Oct 23, 2000
    California & New Mexico, US
    I've never seen a 1st Model in real life. I've seen some cherry 2nd and 3rd Models and those things run around $800+.
     
  11. Sgt127

    Sgt127

    3,094
    747
    Nov 5, 2002
    Texas
    How kind it was for the first response at the Smith Forum was to ask what you wanted for it.

    Make sure you know what it is before you accept an offer.

    (I'm not sure how gun savvy you are...no offense intended)

    I'll dig through the Standard Catalog of Smith and Wesson and see what I can find out. Some things don't look quite right, or, look out of place because they are exceptionally unusual, but correct.
     
  12. Jim Watson

    Jim Watson

    4,301
    46
    Jul 10, 2001
    Alabama
    I've not seen a First Model Target before so I don't know what's right and wrong, but...
    It is missing the cylinder latch nut, so be careful not to drop the latch in the grass.
     
  13. copo9560

    copo9560

    376
    0
    Feb 21, 2012
    So far have 2 replies from S&W forum. (hoping for more) Both said a Model 1899 hand ejector. One thought it had factory sights, other thought may have been added later. If the adjustable sight is factory, appears there is some value here. Looks like I will have to get a letter from S&W to verify what it was when new.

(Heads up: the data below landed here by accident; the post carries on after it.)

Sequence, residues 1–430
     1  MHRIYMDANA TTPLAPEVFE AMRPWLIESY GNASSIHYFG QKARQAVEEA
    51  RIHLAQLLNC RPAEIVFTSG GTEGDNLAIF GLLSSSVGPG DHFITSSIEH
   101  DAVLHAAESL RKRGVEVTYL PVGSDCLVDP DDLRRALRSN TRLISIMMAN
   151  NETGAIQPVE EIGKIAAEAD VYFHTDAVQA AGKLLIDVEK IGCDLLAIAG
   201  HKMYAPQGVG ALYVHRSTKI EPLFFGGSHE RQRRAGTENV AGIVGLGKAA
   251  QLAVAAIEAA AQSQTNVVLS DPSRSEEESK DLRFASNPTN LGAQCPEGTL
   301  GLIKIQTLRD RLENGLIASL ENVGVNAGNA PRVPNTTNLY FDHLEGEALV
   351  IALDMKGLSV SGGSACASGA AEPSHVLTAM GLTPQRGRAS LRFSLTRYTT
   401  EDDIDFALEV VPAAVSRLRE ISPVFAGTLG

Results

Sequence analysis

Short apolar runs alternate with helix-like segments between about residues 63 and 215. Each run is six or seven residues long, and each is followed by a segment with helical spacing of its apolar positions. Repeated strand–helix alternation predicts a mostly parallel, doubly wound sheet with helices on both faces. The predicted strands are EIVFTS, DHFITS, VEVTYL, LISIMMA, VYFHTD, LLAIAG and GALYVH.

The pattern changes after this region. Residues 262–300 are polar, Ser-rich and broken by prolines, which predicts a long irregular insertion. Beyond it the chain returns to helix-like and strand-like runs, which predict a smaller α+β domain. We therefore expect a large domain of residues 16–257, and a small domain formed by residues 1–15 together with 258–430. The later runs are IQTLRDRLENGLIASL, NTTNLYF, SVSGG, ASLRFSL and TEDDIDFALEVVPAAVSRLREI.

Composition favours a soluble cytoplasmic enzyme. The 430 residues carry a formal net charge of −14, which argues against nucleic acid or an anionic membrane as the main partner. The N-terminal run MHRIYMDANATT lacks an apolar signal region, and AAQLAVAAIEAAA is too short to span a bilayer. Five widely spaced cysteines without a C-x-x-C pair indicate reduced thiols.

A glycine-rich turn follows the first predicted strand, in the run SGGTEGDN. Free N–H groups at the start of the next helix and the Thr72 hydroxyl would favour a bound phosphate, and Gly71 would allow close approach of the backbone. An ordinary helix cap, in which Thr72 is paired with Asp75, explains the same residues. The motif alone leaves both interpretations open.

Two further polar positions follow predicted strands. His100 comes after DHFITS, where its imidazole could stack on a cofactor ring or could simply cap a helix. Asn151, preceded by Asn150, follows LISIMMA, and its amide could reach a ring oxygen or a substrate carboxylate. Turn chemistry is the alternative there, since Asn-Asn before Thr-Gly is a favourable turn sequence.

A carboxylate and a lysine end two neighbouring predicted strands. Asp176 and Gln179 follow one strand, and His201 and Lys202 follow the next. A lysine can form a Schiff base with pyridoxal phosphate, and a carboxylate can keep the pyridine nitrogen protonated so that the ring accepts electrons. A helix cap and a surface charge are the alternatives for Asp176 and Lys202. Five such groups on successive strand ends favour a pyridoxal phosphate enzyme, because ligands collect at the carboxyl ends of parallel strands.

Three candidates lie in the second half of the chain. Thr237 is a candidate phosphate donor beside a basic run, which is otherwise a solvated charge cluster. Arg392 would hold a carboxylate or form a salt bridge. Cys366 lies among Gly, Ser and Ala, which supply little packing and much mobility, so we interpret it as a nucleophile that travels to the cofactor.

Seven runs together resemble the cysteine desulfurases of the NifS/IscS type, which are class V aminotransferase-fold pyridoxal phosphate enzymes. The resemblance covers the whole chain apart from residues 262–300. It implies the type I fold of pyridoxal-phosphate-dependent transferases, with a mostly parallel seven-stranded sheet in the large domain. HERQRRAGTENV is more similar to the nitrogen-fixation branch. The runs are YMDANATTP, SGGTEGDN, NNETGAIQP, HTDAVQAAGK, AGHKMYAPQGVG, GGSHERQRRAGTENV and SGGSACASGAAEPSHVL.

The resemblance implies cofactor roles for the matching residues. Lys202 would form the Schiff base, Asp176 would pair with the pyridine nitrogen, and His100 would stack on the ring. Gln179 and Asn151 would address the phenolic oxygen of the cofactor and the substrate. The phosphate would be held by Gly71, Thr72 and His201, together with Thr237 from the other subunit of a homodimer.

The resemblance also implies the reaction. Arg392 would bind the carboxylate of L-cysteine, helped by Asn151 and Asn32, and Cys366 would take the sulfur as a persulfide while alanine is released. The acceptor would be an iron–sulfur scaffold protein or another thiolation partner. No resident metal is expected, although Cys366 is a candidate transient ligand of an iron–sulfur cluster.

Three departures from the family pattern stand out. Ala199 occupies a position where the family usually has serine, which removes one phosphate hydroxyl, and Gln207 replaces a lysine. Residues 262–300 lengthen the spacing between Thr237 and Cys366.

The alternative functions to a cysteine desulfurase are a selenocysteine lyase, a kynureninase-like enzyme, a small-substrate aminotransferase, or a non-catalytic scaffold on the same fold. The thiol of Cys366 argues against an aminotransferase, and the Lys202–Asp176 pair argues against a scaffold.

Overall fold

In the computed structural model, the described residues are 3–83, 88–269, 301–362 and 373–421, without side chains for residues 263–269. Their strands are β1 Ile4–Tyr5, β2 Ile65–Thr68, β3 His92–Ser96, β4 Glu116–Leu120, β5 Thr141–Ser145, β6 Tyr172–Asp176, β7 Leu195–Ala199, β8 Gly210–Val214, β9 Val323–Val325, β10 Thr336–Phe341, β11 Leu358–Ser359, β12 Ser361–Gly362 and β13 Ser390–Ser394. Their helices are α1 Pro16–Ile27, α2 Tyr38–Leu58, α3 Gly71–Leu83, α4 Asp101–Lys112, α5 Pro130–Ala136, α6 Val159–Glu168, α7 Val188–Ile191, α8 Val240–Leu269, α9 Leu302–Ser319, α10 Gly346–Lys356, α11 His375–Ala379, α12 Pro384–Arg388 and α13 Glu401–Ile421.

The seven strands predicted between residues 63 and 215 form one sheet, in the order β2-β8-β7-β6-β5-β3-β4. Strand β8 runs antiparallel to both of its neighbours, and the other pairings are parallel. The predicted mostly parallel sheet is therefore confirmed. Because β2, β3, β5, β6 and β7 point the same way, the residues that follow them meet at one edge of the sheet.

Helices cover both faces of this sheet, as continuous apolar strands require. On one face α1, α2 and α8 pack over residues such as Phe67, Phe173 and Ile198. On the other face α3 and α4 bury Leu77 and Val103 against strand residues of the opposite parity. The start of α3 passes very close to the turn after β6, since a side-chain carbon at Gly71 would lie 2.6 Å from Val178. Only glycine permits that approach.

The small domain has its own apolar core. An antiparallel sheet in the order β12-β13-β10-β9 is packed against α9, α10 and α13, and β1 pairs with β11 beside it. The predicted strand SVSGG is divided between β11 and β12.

14. copo9560

    copo9560

    376
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    Feb 21, 2012
    I doubt it is a fake, at least recently. My dad has owned for about 20 years and paid about $50 for it.
     
  15. pennlineman

    pennlineman

    2,658
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    Feb 16, 2009
    PA
    I don't think its fake either. I'd get a factory letter for that gun from S&W. If it is all original you have a very desirable old S&W. As far as I know even the round butt grip is rarer than a square butt during that time frame as well. Regardless it is a real nice revolver, I'd be proud to have that one in my collection.

    Here is a link for the letter if you decide to request one.

    http://www.smith-wesson.com/webapp/..._750001_750051_757825_-1_757814_757812_image/
     
  16. L Pete

    L Pete

    543
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    Mar 4, 2011
    I think Berto got it right......But, without examining it personally, I can't be sure.
     
  17. Stevekozak

    Stevekozak Returning video

    4,032
    803
    Nov 9, 2008
    Neat gun! Is there a screw missing from the cylinder release? The hammer looks weird in the pic. Are there three holes in it?
     
  18. copo9560

    copo9560

    376
    0
    Feb 21, 2012
    The hammer is a little odd lookin and the holes are more like dimples or punch marks - they do not go through.

    Any suggestons for where to sell something like this?
     
  19. pennlineman

    pennlineman

    2,658
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    Feb 16, 2009
    PA
    The used to have hammer and trigger shoes that made them wider. The were held in place by 2-3 screws by pressure only. No drilling or tapping involved. This would explain the marks on the hammer.

    They replicated what we know as target hammers and triggers.
     
    Last edited: Jul 8, 2012